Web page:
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IONA Introduces New ESB Product

Although the enterprise service bus, or ESB, has only really become a product category recently, the term is getting plenty of mention lately. With the convergence of ubiquitous Web services and an IT focus on reuse and cost cutting, it's a good time for vendors with ESB products.

IONA Technologies has announced version 3.0 of Artix, its extensible enterprise service bus product. The upgrades expand the tools and technologies that Artix works with to leverage SOA initiatives.

As with other IONA products, Artix 3.0 is intended for large enterprises. IONA has a telecommunications and financial services industry heritage, as well as a history with CORBA, and its client list includes customers such as financial giants Credit Suisse and Merrill Lynch. Because of the amount of legacy systems such organizations are typically running, they're ripe for the linking and reuse capabilities of Web services and service-oriented architectures.

The climate is definitely warming for the enterprise service bus concept, according to IONA CTO Eric Newcomer, who says his company has seen an uptake in ESB business since the latter part of last year. "Part of it is that Web services is finally getting established in the marketplace," he says, along with concepts around service-oriented architectures. Newcomer says the flexibility of an SOA in bridging the gaps between technologies is starting to catch on. Another ESB driver is cost efficiency, he says: "IT is under tremendous pressure to cut costs and deliver."

The IT services industry has reached a point of maturity, Newcomer says. Instead of investing in new technologies, many companies are looking at the next level of efficiency for existing systems. Most companies have "all the IT they need," Newcomer says, but in separate stovepipe arrangements that don't tie into an overall enterprise architecture.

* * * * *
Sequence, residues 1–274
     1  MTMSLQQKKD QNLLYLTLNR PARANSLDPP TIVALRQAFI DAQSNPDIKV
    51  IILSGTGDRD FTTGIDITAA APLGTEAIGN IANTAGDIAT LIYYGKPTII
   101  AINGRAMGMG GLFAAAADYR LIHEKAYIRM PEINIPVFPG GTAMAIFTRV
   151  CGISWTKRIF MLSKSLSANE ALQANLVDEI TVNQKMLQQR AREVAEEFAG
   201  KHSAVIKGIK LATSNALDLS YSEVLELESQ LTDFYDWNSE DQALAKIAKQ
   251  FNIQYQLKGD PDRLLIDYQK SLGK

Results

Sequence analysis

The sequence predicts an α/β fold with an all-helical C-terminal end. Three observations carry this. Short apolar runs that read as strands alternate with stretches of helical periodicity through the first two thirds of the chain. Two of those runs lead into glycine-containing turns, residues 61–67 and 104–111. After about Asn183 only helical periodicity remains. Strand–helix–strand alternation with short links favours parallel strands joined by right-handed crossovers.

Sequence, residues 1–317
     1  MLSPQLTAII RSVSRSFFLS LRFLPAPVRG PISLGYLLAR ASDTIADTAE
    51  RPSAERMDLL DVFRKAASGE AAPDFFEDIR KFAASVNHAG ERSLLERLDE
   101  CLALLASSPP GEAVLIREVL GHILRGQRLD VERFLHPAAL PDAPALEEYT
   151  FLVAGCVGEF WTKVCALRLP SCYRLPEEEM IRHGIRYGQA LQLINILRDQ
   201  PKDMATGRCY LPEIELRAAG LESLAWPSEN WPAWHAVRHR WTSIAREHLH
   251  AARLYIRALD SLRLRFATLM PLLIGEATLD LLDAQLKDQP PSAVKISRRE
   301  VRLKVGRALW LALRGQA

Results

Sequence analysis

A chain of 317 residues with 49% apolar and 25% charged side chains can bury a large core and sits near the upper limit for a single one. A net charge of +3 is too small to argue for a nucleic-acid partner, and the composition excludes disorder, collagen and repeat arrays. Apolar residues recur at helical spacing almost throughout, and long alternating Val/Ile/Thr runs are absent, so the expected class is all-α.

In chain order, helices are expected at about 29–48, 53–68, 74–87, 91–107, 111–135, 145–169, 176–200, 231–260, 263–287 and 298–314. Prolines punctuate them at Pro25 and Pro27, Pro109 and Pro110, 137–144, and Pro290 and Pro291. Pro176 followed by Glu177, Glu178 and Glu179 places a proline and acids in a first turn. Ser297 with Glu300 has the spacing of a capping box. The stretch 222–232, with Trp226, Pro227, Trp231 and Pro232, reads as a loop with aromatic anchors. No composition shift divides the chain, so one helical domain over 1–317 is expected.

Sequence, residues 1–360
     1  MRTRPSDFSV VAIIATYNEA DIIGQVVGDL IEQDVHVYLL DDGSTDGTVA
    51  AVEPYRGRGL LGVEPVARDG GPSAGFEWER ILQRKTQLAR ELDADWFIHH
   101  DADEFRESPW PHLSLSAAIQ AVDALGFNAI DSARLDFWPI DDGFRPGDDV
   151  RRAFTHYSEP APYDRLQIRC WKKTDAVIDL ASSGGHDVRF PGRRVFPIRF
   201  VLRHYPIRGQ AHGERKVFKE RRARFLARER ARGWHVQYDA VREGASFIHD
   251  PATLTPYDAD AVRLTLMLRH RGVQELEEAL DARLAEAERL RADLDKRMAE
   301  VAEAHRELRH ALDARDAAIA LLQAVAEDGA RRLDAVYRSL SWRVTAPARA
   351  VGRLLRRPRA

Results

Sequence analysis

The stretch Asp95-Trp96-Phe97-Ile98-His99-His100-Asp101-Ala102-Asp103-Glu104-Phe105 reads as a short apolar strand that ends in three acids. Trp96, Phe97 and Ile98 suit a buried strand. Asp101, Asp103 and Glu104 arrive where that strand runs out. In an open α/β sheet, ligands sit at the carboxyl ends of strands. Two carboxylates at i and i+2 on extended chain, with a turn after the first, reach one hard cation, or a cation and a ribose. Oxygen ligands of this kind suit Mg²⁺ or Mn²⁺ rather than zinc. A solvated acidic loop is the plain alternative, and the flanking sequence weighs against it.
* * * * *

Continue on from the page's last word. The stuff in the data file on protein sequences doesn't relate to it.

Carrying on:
According to Shawn Willett, a principal analyst with Current Analysis in Sterling, Virginia, with Artix 3.0, IONA has "really tightened up its differentiation from other products."

He predicts that the product will continue to appeal to high-end companies that want to build service-oriented architectures that they can extend themselves, using Artix 3.0's plug-in architecture. "Large telcos and financial services organizations like this sort of product because they can customize it themselves," Willett says. "They can define for themselves what a service is, without someone else's heavy EAI layer."

Newcomer says IONA is indeed aiming Artix at the high end of the ESB market. The intention is to extend the ESB to anything an enterprise might be running, from mainframes and legacy code, to CORBA, to Tuxedo, TIBCO or homegrown systems.

Artix 3.0 includes targeted plug-ins that can support virtually any protocol, transport, data model, security standard or development platform. The new release also extends Artix's platform coverage to include both Eclipse and Visual Studio development platforms. The product can help organizations with significant mainframe investments integrate those resources through features such as WSDL first development for PL/1 and COBOL, WSDL generation from BMS screen map sets and enhanced tooling to support WSDL first command line utilities.

About the Author

Linda Briggs is a freelance writer based in San Diego, Calif. She can be reached at lbriggs@lindabriggs.com.

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